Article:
The 2006 anthology The Halo Graphic Novel expands upon the Flood's release from Halo in two stories. The first, Last Voyage of the Infinite Succor, takes place at the same time as the Master Chief hunts for Keyes during Halo: Combat Evolved. The Flood manage to pilot a Covenant dropship off Halo, and infest a Covenant ship, Infinite Succor. The Flood are stopped by a Covenant strike team led by Rtas 'Vadumee, who sets the ship on a course into the nearby sun. The second story, Breaking Quarantine, details the escape of Sergeant Avery Johnson from the clutches of the Flood, immediately after Keyes' squad is overrun. Whereas the Flood are only hinted at being intelligent in Halo: Combat Evolved, the Halo Graphic Novel shows the Flood have a hive mind, assimilating the knowledge of their hosts rapidly. Lee Hammock, writer of The Last Voyage of the Infinite Succor, described the basis of the story as a way to showcase the true danger of the Flood as an intelligent menace, rather than something the player encounters and shoots. Hammock also stated that the story would prove the intelligent nature of the Flood, and "hopefully euthanize the idea that they are just space zombies".
The Flood also feature heavily in Greg Bear's trilogy of novels, The Forerunner Saga, which takes place thousands of years before the events of Halo: Combat Evolved. It is revealed in the novel Halo: Silentium that the Flood are what remains of the Precursors, an ancient race that was said to accelerate the evolution of a species and "shape galaxies". The Forerunners overthrew the Precursors; on the verge of extinction, some Precursors reduced themselves to a biological powder that would regenerate into their past selves. However, time rendered the powder defective, and it became mutagenic, reacting with other living organisms to produce what would eventually mutate into the Flood. The Flood would threaten both ancient humanity and then the Forerunners, who would ultimately build and activate the Halo Array to stop the spread of the Flood.
The Flood have been featured in four series of Halo action figures, produced by Joyride Studios. For Halo: Combat Evolved, Joyride produced a Carrier Form and Infection form bundle. Halo 2's series contains both a human Combat Form and Infection form (bundled with the Master Chief), which were released after the video game. Reviewer Aaron Simmer of Armchair Empire.com expressed the sentiment that Joyride's models could not totally capture the ghoulishness texture and detail of the Flood. The action figures for Halo 3 were produced by McFarlane Toys and although the first series did not feature the Flood, the third series featured a human Combat Form.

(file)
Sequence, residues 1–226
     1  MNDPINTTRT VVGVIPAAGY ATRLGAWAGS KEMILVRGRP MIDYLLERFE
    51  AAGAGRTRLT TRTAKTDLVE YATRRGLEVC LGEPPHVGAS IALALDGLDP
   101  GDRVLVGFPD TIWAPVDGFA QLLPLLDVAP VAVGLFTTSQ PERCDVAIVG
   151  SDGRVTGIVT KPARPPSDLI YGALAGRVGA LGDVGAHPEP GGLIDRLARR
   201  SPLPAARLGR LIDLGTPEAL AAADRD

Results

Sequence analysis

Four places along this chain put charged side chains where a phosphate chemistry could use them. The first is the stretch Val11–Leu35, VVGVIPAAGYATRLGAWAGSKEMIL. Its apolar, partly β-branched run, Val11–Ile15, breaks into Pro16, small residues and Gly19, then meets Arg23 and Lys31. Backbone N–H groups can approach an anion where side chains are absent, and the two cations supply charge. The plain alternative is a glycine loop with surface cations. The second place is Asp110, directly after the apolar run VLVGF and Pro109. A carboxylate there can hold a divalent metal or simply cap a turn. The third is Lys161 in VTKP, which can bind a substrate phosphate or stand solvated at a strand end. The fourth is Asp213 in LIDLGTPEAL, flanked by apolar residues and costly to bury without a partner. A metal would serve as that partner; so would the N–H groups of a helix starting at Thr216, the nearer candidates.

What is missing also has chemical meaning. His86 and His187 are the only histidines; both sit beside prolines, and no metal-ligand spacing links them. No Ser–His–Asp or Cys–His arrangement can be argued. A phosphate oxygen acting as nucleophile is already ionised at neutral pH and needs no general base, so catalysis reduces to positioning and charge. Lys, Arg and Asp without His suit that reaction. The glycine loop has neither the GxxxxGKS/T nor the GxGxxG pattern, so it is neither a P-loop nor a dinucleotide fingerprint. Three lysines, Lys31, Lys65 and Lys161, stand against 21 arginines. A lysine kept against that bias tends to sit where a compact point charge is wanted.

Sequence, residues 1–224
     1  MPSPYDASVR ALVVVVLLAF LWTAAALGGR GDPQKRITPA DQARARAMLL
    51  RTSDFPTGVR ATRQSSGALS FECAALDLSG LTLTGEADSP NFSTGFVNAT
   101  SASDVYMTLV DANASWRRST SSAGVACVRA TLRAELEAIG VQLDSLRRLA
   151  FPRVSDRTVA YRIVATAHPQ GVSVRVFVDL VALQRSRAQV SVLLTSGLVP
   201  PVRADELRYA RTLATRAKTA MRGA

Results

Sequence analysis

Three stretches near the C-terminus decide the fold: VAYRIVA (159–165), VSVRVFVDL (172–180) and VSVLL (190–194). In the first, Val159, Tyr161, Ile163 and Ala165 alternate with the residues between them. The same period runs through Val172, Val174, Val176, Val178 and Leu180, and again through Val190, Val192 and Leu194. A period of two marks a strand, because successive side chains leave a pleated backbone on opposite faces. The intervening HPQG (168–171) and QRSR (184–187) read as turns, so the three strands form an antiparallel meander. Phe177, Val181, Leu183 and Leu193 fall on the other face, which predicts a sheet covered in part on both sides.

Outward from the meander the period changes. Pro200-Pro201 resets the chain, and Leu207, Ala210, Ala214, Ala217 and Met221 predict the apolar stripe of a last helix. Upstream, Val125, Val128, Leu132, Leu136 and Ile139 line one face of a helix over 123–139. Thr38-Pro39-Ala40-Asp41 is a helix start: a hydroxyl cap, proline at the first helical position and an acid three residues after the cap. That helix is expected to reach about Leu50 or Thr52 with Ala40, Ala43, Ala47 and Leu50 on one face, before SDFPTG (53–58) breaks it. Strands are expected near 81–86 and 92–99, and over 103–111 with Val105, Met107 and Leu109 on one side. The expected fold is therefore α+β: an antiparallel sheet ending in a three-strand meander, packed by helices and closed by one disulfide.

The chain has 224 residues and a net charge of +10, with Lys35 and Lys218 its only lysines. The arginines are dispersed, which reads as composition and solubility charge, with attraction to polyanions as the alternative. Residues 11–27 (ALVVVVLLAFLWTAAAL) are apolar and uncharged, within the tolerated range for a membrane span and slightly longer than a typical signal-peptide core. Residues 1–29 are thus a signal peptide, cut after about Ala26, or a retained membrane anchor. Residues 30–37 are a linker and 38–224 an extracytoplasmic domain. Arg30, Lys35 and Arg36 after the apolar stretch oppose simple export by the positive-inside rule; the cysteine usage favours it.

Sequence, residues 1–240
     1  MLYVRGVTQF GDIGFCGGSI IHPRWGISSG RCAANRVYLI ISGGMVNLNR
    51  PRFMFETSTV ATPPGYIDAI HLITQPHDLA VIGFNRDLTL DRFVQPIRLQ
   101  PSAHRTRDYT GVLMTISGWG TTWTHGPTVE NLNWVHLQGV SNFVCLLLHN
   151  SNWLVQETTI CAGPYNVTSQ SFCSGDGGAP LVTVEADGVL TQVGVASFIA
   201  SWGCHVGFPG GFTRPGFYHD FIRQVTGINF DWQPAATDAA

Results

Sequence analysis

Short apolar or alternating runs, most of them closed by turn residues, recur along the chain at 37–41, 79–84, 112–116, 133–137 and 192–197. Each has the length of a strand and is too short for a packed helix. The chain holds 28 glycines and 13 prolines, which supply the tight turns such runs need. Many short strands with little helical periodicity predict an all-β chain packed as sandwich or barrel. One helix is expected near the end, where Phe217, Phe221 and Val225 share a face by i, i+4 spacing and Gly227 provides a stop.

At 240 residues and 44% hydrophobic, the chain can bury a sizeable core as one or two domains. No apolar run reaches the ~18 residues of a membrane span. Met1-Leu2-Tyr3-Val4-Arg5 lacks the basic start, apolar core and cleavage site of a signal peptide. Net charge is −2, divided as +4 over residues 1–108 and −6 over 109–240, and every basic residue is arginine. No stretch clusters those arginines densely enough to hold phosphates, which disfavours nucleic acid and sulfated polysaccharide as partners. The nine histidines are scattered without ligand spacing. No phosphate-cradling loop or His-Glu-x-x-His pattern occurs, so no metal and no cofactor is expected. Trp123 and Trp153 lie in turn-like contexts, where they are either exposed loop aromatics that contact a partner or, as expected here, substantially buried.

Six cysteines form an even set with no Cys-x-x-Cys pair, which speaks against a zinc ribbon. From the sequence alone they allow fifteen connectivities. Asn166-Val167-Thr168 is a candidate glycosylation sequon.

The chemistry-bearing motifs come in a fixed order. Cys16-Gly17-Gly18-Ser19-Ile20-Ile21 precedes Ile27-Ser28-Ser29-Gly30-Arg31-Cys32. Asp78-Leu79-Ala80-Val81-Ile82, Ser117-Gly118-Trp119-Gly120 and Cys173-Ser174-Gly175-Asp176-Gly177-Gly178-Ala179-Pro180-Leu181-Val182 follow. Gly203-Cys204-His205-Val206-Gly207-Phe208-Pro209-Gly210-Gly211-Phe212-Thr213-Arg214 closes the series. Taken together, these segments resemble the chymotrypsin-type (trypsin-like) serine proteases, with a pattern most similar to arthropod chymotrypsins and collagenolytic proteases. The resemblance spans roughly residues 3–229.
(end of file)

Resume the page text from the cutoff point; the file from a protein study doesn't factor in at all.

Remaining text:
The surprise appearance of the Flood during Halo: Combat Evolved was seen as an important plot twist and a scary moment even after repeat playthroughs of the game. Gamasutra, writing about video game plots, gives the example of the Flood not only as an important reversal to the story of Halo, but a textbook example of how games and their stories are made more interesting by twists in the plot. Rolling Stone and Kotaku credited the appearance of the Flood as an excellent way the game kept players on their toes, forcing them to adjust their strategies; Rolling Stone called the twist as shocking "as if, several levels into a game of Pac-Man, the dots suddenly began to attack you".
Despite the positive acclaim in Halo, the response to the presence of the Flood in Halo 2 and Halo 3 was mixed. A panel of online reviewers noted that the Flood appeared in Halo 2 for no obvious reasons, and were simply described as "aggravating" to play against. Similarly, reviewers including Victor Godinez of The Dallas Morning News felt that the Flood were too derivative of other sci-fi stereotypes, and functioned as "space zombies". Daniel Weissenberger of Gamecritics.com noted in his review of Halo 3 that even though the Flood looked better than ever, their single strategy of rushing the player proved tedious over time. GamesRadar's Charlie Barratt listed the Flood as the worst part of Halo, contrasting what he considered fun, vibrant and open levels before the Flood's appearance with confined spaces and predictable enemies. The Flood have been recognized as some of the greatest game villains. Wizard Magazine ranked the Flood as the 77th Greatest Villains of all time, Game Daily ranked them 5th of their "Top 25 Enemies of All Time", and PC World ranked the Flood the 31st "Most Diabolical Video-Game Villains of All Time". Electronic Gaming Monthly ranked the Flood in their top ten list of "badass undead". MTV considered Flood possession in Halo 3 as a "great gaming moment" of 2007, stating that "with the power of the Xbox 360's graphics, this reanimation comes to vivid, distressing life, more memorably than it had in the earlier games. Here are the zombies of gaming doing what they do worst. [...] It's grisly and unforgettable." IGN listed the Flood as the 45th best video game villain, describing them as one of the most hated video game villains in the history of video games.